Contributing vs. Interfering in Science: What’s the Diff?

Leave science to the scientists, AMIRITE? If medicine is a place where medical doctors do medicine, art is a place where artists do art, and music is a place where musicians make music, then science should be a place where scientists do science. It seems clear enough. Indeed, a major goal of the recent Science March on Washington was to protest political interference in science. And there is a long history of political interference in science that would be astonishingly egregious if we didn’t currently inhabit a political world that is continually redefining astonishingly egregious. For example, politicians have called for the revocation of scientifically-reviewed grants or cast doubt on solid scientific consensus; agency officials have advised scientists to remove certain words from research proposals (hello reproductive tract! goodbye vagina!); AIDS activists pushed scientists to stop neglecting HIV/AIDS; nonprofits provide money specifically for common diseases in the global south that otherwise go unstudied, etc.

Editor’s note: These people could be singing the harmony of science together regardless of whether they have a lab coat or not. I also want to point out that I recognize they also could be zombies approaching en masse. Win-win, really.

Oh. Wait. Those last two aren’t exactly egregious, much less astonishingly so. They’re kind of great, actually, right? They show how “outsiders” have sometimes been crucial to changing science for the better, illuminating scientific malfeasance, and highlighting how science-as-usual can support problematic status quo’s (quos? quose? quoes?) (this was not tested on my Ph.D. quiz). Science for the Scientists! ends up being rather simplistic as a result, both empirically inaccurate and naive. Instead of restricting contributions to science to scientists and keeping out the brute hoards, which is an issue of who is allowed to be involved (plus an issue of me using hordes, which I feel mixed about), we could think about when or under what circumstances nonscientists/experts can be meaningfully involved, and how to adjudicate that.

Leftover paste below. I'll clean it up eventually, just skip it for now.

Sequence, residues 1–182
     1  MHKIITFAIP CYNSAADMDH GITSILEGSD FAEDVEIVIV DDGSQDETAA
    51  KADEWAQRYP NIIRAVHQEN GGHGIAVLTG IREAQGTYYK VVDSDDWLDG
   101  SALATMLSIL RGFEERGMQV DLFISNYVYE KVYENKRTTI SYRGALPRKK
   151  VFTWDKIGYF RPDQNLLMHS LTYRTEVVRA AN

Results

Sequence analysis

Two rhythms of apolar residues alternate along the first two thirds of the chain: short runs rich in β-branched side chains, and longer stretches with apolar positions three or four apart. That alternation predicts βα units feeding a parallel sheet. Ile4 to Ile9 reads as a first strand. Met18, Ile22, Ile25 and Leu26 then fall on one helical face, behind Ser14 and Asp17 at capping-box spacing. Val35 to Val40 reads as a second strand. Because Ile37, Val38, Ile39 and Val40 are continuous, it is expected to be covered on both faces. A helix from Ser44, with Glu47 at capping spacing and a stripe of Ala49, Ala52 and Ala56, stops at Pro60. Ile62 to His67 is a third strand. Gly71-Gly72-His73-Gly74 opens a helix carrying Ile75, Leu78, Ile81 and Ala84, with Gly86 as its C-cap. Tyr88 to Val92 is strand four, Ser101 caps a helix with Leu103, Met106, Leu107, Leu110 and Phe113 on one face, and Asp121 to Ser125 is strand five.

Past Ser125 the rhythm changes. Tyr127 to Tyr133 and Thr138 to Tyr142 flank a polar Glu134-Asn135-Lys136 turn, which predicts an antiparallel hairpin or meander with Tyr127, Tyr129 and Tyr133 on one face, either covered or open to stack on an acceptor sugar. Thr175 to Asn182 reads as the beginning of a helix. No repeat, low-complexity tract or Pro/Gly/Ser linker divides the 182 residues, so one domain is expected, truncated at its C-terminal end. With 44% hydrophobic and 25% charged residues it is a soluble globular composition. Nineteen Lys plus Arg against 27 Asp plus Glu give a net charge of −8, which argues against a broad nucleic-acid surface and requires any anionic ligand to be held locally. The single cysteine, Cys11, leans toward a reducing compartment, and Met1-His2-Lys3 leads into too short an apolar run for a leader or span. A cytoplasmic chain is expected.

How to decide when someone’s involvement in science (or other scholarship) is a contribution and not an interference? It seems hard but, luckily, scholars and experts have thought about when outsiders’ contributions should be seen as contributions, not interference. What have these experts said? One article I like to teach in my Sexuality and Science course is by Steven Epstein:The New Attack on Sexuality Research: Morality and the Politics of Knowledge Production” (click here for the article). It gives some ideas about how to judge when non-scientists should get a say in science, and these can be extended to other disciplines or areas of expertise too. Based on Epstein’s piece and much else I’ve read in feminist science studies, I decided we needed a list in bullet form because lists!

It’s a contribution, not an interference, when…

1. People are educating themselves and learning the science they are critiquing and/or seeking to intervene in;

2. People’s involvement will lead to more effective, efficacious, accountable, and/or better science;

3. People provide engagements and/or critiques that are knowledgeable and relevant;

4. People provide careful assessments;

5. People have sincere concerns regarding scientific validity, reliability, and/or efficacy;

6. People have local knowledge and/or lay expertise that is unique and/or valuable (this is also known as epistemic privilege and so now you know a fancy word. Was I right about lists needing an exclamation mark or what?!);

7. People who are invested in process (by which I mean ongoing engagements and not a one-time soapbox shout-off) (which is not to knock one-time soapbox shout-offs in general because I would never offend soap);

8. People do not misrepresent the science;

9. The involvement is not based on opportunistic endorsement of predetermined political stances (note: this is NOT anti-political stance! It IS anti-political opportunism).

The March for Science… and Politics?

This is a guest post by Anne Fausto-Sterling!

The January 21, 2017 Women’s March on Washington, DC was quite the eye-opener. I am not a naïve marcher, since my first such trek to Washington dates back some 60 years to the 10,000 strong 1958 Youth March on Washington for Integrated Schools. So I fully expected to see signs and slogans pledging solidarity with immigrants, Muslims, Jews, and women. I did not anticipate that the first signs I would see would be about science.

Editor’s note: Remember all those witty signs, way back when, ONLY MONTHS AGO…

Given this existential moment, when the very idea that there are facts and true things is under assault, perhaps this shouldn’t have surprised me. But still. As the geek at the party, inured to people announcing–right after being told that I am a biologist–that in high school they hated biology, I was fascinated. Participants in the March on Washington made it clear that the meaning of science itself is woven into our current political conflicts, and a group of scientists responded by announcing a March for Science, to be held on Earth Day– April 22, 2017. The organizers–an archeologist, a health educator, and a physiologist [Editor’s note: Can you believe I had to add in an Oxford comma here? That is the real scandal.]-–are not international science stars but rather educators and scholars who work “in the trenches”, and this is one interesting component of the march.